Why did glutamate, GABA, and melatonin become intercellular signalling molecules in plants?

  1. Yaron Caspi  Is a corresponding author
  2. Chrysoula K Pantazopoulou
  3. Jeanine J Prompers
  4. Corné MJ Pieterse
  5. Hilleke Hulshoff Pol
  6. Kaisa Kajala
  1. Institute of Environmental Biology, Department of Biology, Utrecht University, Netherlands
  2. Brain Center, University Medical Center Utrecht, Netherlands
  3. Department of Radiology, Imaging Division, University Medical Center Utrecht, Netherlands
6 figures and 2 tables


Modes of intercellular signalling.

(a) Paracrine signalling, where cell-to-cell communication is mediated through the apoplastic space. (b) Autocrine signalling - similar to paracrine signalling, but when the sender cell also acts as a receiver cell. (c) Long-distance endocrine signalling that is mediated by translocation of the signalling molecules through the vascular tissue of plants. (d) Direct cell-to-cell communication and signalling through the plasmodesmata.

Glutamate metabolism.

In red, the names of the enzymes that catalyse the chemical conversion. Similar reactions in the glutamate metabolic network also occur in animals (see Schousboe et al., 2014). Note that the figure does not show the balance of the chemical reactions.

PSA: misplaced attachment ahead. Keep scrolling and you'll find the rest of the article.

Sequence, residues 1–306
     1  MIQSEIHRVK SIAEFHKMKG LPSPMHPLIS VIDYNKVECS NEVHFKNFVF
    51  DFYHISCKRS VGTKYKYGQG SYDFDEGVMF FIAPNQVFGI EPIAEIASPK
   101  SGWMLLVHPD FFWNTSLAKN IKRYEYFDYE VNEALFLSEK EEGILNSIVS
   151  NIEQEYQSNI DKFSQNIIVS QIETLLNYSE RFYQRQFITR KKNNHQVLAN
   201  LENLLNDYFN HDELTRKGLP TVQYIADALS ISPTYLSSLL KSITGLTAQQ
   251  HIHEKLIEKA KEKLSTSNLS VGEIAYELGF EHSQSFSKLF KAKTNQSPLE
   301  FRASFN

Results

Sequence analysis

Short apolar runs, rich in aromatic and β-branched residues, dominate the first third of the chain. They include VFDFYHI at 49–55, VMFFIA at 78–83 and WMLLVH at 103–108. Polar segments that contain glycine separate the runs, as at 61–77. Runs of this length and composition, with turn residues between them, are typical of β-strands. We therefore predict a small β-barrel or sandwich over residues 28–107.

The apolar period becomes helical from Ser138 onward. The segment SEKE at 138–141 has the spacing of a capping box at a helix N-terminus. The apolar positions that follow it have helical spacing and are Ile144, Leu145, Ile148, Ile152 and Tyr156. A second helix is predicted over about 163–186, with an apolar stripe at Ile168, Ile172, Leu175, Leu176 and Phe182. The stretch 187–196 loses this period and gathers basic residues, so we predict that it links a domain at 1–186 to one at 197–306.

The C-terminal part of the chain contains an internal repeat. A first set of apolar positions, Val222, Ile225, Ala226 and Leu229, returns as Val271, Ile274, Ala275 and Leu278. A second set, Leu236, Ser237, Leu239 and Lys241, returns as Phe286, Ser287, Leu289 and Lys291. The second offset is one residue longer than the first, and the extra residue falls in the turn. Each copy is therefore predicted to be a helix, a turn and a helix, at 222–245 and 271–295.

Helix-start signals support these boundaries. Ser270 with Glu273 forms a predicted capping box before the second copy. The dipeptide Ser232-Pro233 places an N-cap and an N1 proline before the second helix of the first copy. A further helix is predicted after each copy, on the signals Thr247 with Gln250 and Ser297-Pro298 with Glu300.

Glutamate receptor-like (GLRs), their agonists, and animal ionotropic glutamate receptors.

(a) General structure of the ionotropic glutamate receptor. An ionotropic glutamate receptor (iGluR) monomer is composed of an amino-terminal domain (ATD) followed by the first half of the ligand-binding domain (S1). S1 is connected to three transmembrane segments (shown in green and numbered 1–3). The second transmembrane segment spans the membrane only partly. The Third transmembrane segment is connected to the second half of the ligand-binding domain. Finally, a fourth transmembrane segment is connected to the intracellular C-terminal domain. The figure is based on De Bortoli et al., 2016. Plant GLRs show a similar structure with a highly diverse C-terminal domain, three membrane-spanning segments (plus one partly spanning the membrane), and the divided ligand-binding domain. However, clade III ATD shows more homology to members of the sub-family C of G-protein-coupled receptors (GPCRs), which contain metabotropic glutamate receptors (mGluRs) and γ-aminobutyric acid B (GABAB) receptors in animals (Wudick et al., 2018a). (b) Crystal structure of the binding pocket of Arabidopsis GLR3.3 with glutamate as a ligand-based on Alfieri et al., 2020 (Protein Data Bank code: 6R85). Glutamate is depicted in sticks. Residues that were implicated in binding glutamate are Phe133 in cyan, Arg88 inbBlue, Ala83 in green, Arg11 in forest green, Tyr180 in grey, Glu177 in medium blue, and Asp81 in magenta. Backbone – in yellow α-helices, in orange β-strands.

Glutamate signalling in plants.